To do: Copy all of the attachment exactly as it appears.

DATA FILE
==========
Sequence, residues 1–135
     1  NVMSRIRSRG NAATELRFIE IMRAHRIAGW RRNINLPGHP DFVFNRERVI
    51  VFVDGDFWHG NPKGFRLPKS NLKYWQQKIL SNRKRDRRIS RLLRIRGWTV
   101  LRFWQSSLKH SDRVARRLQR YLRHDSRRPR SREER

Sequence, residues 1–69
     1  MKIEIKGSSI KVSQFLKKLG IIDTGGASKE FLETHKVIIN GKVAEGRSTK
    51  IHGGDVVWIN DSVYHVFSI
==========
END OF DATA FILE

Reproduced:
Sequence, residues 1–135
     1  NVMSRIRSRG NAATELRFIE IMRAHRIAGW RRNINLPGHP DFVFNRERVI
    51  VFVDGDFWHG NPKGFRLPKS NLKYWQQKIL SNRKRDRRIS RLLRIRGWTV
   101  LRFWQSSLKH SDRVARRLQR YLRHDSRRPR SREER

Sequence, residues 1–69
     1  MKIEIKGSSI KVSQFLKKLG IIDTGGASKE FLETHKVIIN GKVAEGRSTK
    51  IHGGDVVWIN DSVYHVFSI